He grabbed at the prisoner, "ya'll comin' with me!" Then, pulling the captive by the hair, he sidled towards our rifle rack. "Gimme them shells, boy," he ordered, pointing towards the ammunition shelf.

"You can't go out there!" I pleaded with him. "For God's sake, let's wait. It's only two hours."

"Come on, you son-of-a-bitch," he hissed, dragging the prisoner towards the door. I followed them with a rifle, a hold-all bag containing several ammunition belts and two high powered torches.

"You lock up, boy?" Hank asked as we moved along the street. "Not yet," I confessed. "I'm a bit weighed down."

The wide dusty street was well illuminated. Our vehicles, which we always parked facing the gaol had two observers leaning over them.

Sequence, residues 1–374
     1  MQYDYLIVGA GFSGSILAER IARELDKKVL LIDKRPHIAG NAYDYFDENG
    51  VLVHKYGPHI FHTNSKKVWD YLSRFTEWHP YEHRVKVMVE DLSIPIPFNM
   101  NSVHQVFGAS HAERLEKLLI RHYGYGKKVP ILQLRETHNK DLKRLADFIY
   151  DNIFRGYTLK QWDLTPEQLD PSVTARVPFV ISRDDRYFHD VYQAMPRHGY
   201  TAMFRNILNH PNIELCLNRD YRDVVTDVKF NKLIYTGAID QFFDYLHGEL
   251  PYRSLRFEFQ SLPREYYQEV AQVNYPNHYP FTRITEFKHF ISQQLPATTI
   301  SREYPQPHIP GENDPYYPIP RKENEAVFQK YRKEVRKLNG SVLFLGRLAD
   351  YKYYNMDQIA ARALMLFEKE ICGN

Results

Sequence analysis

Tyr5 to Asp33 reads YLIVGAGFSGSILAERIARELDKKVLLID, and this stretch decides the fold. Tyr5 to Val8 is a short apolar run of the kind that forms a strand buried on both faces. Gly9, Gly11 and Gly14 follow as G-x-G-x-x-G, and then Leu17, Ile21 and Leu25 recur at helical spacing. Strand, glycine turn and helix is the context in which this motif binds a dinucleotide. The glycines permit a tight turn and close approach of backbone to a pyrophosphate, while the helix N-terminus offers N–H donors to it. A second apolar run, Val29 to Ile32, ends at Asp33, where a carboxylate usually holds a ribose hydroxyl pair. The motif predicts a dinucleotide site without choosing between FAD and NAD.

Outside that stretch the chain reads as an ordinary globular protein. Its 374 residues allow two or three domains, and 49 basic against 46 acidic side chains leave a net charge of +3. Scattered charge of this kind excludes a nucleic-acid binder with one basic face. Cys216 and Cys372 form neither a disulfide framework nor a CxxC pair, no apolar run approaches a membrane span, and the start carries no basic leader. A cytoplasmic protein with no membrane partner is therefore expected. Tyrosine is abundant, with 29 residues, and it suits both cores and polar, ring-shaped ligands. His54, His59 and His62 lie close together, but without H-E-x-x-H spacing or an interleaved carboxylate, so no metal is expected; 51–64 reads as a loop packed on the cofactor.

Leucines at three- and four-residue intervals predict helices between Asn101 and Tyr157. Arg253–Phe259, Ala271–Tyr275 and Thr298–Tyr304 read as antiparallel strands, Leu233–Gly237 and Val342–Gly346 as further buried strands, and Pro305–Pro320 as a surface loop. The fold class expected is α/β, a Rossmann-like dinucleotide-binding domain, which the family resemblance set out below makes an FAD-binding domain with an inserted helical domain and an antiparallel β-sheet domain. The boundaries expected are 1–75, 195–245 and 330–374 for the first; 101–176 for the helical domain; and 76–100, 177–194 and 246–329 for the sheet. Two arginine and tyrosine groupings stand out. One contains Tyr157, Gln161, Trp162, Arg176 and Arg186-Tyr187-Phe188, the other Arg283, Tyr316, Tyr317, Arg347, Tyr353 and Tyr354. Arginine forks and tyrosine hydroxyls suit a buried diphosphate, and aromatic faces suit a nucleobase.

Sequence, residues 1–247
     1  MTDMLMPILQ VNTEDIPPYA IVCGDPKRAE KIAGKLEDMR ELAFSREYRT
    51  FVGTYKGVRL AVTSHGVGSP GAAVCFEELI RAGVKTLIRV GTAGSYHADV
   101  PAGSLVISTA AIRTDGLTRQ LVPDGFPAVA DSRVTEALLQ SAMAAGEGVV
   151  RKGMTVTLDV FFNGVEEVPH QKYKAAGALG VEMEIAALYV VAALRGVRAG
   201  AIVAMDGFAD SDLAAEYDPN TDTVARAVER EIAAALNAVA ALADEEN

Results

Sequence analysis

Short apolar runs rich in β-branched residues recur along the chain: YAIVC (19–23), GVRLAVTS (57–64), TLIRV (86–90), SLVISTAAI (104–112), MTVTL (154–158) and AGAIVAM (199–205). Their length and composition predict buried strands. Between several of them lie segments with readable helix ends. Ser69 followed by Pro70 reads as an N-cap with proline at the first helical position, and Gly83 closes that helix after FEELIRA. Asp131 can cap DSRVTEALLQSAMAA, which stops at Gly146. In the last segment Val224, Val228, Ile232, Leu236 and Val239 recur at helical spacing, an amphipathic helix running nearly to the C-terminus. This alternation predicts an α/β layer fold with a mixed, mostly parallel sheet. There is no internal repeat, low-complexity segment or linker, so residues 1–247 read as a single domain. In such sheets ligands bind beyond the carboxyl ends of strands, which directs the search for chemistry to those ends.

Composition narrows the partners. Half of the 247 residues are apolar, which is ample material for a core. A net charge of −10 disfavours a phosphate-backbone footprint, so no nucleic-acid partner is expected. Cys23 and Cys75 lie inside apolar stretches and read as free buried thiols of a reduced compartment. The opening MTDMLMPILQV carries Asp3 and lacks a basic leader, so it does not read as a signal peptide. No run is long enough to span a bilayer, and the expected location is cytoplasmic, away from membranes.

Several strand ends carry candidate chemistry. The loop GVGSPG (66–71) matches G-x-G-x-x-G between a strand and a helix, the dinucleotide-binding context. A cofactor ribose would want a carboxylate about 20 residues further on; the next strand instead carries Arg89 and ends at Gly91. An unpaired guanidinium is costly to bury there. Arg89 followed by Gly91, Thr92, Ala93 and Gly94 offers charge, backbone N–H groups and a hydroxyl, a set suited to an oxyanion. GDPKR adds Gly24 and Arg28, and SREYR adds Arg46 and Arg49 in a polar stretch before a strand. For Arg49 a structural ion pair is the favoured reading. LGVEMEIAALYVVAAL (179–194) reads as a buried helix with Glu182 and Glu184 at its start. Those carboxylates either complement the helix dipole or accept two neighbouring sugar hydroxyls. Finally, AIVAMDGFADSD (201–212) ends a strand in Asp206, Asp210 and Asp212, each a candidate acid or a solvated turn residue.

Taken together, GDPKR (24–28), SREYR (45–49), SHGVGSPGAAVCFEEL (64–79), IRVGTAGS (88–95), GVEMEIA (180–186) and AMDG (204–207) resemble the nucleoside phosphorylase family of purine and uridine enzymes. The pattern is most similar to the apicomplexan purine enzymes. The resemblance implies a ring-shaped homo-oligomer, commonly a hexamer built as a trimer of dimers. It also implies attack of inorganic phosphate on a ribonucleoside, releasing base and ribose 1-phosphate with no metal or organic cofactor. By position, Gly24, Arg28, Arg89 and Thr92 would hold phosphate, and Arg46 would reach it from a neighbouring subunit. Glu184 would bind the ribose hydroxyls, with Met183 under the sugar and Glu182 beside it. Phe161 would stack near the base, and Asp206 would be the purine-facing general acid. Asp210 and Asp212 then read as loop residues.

"Where you takin him, Sheriff?" the nearest of them asked, blocking our path.

"Don't be a damn fool, Wade. Git the hell outta my way," Hank replied, brushing the young man aside with a loaded pump-action-shotgun barrel.

Wade's brother, who was leaning against the sheriff's four-wheel-drive, with his thumbs hooked into the front of his jeans stepped aside without being asked. A camera flashed from across the street.

"Where you taking him, Sheriff?" the editor of The Weekly Gazette called from across the causeway. He broke into a run snapping as he came.

"You tellin' me my business?" Hank challenged him.

"No," the newsman replied, a little taken aback, "I was only askin' where you're takin' him. Some of these folks want to know."